This week, South Dakota Gov. Dennis Daugaard (R) approved an unnecessary abortion restriction that reinforces racial stereotypes about the Asian American community. House Bill 1162 bans abortions based on a fetus’ sex, and makes it a felony for doctors to perform this type of “sex-selective” procedure — based on the misperception that Asian women are more likely to terminate a pregnancy if they find out the fetus is a girl.
The lawmakers who push sex-selective abortion bans typically claim that it’s an important policy to preserve gender equality. And during the debate over HB 1162 in South Dakota, elected officials were particularly candid about the racial implications. As Mother Jones reported last month, Republican lawmakers in the state were very clear about their position that the bill was necessary because of South Dakota’s population of Asian immigrants.
“Let me tell you, our population in South Dakota is a lot more diverse than it ever was,” one GOP lawmaker, Rep. Don Haggar, said to explain his support for HB 1162. “There are cultures that look at a sex-selection abortion as being culturally okay. And I will suggest to you that we are embracing individuals from some of those cultures in this country, or in this state. And I think that’s a good thing that we invite them to come, but I think it’s also important that we send a message that this is a state that values life, regardless of its sex.”
In fact, this type of legislation is a solution in search of a problem. While female infanticide is an issue in some parts of the world, there’s absolutely no evidence that the Asian American or Pacific Islander (AAPI) individuals who live here in the U.S. are having abortions based on gender. There is no epidemic of sex-selective abortion among the AAPI community, and passing legislation to “fix” this nonexistent issue simply ends up damaging women of color. Ultimately, these laws scrutinize Asian American women based solely on their race.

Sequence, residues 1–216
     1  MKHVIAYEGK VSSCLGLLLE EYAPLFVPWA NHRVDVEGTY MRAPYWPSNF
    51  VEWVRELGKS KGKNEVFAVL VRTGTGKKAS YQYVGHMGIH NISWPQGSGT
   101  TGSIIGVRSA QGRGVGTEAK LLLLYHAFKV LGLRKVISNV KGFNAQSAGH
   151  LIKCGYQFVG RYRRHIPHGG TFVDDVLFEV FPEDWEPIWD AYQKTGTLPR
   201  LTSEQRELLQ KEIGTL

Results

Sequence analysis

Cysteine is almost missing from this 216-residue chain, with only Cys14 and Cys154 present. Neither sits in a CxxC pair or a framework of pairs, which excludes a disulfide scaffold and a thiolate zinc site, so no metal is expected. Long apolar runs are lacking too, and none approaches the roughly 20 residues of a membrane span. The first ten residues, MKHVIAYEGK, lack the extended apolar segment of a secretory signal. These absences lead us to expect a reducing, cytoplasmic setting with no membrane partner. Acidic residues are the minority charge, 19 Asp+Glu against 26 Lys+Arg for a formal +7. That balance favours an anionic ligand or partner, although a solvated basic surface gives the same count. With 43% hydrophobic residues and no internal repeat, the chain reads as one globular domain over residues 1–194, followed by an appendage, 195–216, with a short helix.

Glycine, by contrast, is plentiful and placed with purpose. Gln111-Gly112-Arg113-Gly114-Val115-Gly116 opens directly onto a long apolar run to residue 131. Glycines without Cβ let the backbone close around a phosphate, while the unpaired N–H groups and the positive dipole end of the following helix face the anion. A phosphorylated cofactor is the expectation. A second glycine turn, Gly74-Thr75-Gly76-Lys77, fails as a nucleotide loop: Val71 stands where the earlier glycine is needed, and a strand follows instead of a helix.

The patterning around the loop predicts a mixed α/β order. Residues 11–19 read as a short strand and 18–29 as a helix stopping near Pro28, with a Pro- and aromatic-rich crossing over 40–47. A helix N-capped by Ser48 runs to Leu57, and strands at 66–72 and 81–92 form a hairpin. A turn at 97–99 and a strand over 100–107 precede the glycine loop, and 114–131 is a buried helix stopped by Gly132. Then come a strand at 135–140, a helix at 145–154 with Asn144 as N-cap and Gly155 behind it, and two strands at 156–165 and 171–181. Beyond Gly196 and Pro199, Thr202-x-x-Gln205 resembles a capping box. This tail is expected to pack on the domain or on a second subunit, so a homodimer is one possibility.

“South Dakota’s governor has signed a purposefully misleading bill that undermines our health as women and discriminates against us as Asian Americans,” Miriam Yeung, the executive director of the National Asian Pacific American Women’s Forum, explained in a statement. “Our community has made it clear we don’t support these misleading, stigmatizing bans that hurt us and only serve to exacerbate the health disparities we already face. Nearly 2,000 women and men from South Dakota and around the country signed a petition condemning the racist legislation.”
Yeung’s organization has been standing up against sex-selective abortion bans for years. But, thanks to draft legislation on the issue written by the anti-abortion group Americans United for Life, over 60 sex-selective bills have been introduced at the state and federal level since 2009. Aside from South Dakota, seven other states have passed this policy into law.
Nearly 92 percent of all abortions take place before the fetus’ sex can even be determined. Abortion providers have warned that they have no idea how to enforce this type of sex-selective ban in practice.